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MONDAY, July 30 (HealthDay News) -- Female stroke patients self-report being more negatively affected in their quality of life than do male stroke patients, according to a study published in the August issue of the Journal of Clinical Nursing.
Åsa Franzén-Dahlin, Ph.D., R.N., and Ann Charlotte Laska, M.D., Ph.D., from Danderyd Hospital in Stockholm, analyzed data from 496 patients (379 stroke and 117 transient ischemic attack [TIA]) from an out-patient stroke clinic between May 2008 and August 2009 who completed the Nottingham Health Profile.
The researchers found that, compared with male patients, female stroke patients were significantly more negatively affected in all domains except the social domain. The same trend was observed for patients with TIA, with female patients significantly more negatively affected in all domains than males. Among males, stroke patients had a significantly more negatively affected quality of life than TIA patients in the emotional, energy, social, and total domains. Among females, stroke and TIA patients were equally negatively affected.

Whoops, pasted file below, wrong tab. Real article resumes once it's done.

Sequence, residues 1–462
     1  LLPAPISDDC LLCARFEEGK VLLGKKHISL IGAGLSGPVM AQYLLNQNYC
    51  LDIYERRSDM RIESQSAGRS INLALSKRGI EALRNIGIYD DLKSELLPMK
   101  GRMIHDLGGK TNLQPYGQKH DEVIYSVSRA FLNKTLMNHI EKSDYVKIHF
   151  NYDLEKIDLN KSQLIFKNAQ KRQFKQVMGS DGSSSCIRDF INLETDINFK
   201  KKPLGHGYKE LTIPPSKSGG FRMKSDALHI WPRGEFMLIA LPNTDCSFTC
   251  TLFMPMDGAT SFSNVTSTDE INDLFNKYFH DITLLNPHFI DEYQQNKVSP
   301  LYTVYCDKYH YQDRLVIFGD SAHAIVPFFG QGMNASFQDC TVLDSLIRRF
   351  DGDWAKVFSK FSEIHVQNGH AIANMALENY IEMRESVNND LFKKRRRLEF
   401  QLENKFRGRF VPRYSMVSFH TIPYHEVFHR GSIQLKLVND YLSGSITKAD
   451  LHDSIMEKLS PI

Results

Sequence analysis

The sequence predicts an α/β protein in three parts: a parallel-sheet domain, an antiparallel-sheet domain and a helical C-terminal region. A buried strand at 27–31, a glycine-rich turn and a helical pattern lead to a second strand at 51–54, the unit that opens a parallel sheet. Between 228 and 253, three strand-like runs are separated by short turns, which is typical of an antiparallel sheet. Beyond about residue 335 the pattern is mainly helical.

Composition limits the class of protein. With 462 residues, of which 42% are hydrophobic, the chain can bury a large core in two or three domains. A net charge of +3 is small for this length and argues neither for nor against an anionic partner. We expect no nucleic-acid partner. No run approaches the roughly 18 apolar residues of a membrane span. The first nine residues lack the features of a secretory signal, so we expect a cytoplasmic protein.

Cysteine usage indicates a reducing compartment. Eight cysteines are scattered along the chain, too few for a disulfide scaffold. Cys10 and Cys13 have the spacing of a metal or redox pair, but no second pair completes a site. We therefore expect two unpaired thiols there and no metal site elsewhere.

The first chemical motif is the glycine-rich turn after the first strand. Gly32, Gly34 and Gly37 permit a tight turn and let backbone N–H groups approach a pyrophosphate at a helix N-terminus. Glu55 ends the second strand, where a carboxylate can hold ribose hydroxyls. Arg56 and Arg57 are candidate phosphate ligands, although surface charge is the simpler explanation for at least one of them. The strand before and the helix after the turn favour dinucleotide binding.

"This study shows that female stroke patients are more negatively affected in their quality of life than male stroke patients and that female TIA patients are as affected as female stroke patients," the authors write. "This indicates that female patients with both stroke and TIA need more attention concerning their life situation."
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